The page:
Do Beginner Jump Lines Need To Be Dull?

Do Novice Lines Have To Be Dull?

When I started out riding many moons ago, catching air on natural features was all part of the buzz of the ride. I clearly remember this progression being halted on my early visits to bike parks though, where doubles seemed to be the answer to the majority of airborne features.

Regardless of how (often patronisingly) small doubles are on the novice line, they still pose a danger and are an off-put to so many riders. On the smallest jumps, the landing ramp is too short to angle into, so riders just jump to flat in order to avoid hitting the back of it - it may as well not be there at all.

I can understand that they require less material to construct than say a tabletop, but they do nothing to encourage a rider to progress their early jump skills.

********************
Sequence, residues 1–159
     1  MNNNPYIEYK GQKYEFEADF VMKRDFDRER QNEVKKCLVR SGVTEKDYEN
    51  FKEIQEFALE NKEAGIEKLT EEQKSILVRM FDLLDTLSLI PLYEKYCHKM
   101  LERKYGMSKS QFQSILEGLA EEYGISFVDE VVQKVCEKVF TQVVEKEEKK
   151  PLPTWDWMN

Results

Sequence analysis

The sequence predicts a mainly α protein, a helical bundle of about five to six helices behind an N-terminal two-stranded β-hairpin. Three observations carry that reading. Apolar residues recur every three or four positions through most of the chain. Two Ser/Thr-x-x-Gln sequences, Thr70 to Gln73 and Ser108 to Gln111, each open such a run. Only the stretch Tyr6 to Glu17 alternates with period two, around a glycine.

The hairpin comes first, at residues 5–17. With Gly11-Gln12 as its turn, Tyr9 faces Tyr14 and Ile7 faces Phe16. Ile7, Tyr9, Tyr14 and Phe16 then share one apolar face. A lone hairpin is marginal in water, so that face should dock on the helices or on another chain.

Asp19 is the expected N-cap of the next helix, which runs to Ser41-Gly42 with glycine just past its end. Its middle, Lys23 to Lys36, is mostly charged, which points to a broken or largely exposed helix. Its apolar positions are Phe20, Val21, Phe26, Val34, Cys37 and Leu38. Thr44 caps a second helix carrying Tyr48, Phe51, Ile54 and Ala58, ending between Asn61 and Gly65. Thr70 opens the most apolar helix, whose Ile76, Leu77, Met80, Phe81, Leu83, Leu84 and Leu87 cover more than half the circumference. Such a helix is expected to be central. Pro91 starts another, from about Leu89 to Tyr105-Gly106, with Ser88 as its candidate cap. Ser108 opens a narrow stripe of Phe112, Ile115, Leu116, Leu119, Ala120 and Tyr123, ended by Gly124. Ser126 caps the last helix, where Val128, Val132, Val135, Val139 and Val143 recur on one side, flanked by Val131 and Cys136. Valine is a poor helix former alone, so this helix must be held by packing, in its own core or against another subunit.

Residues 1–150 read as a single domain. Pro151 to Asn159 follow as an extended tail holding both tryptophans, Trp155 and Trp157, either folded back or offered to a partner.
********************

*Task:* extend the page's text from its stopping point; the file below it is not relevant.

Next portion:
Possibly my favourite trail has to be Whistlers 'Blue Velvet', a line that packs speed, flow, and many sizeable features (step ups/downs, hipped variations, wall ride, bridge jump), most of which can be rolled. It can be hit at any level and is a lot of fun. Why can't we see more of this over here?

Wallride

The common tabletop removes the risk of the rider not making the down ramp, having a flat area to catch them closer to the height they are peaking at. It makes so much sense, yet I am aware of places removing jump areas consisting of 2 ft doubles because they are 'unsafe'. 

Jumping doesn't need to be dangerous, we could encourage a lot more people to discover the joy of it if we were to provide the right facilities here in the UK. It is beginning to improve, but just so slowly. A bit of thought and creativity would go a long way to improving accessibility to our trails.

Share This: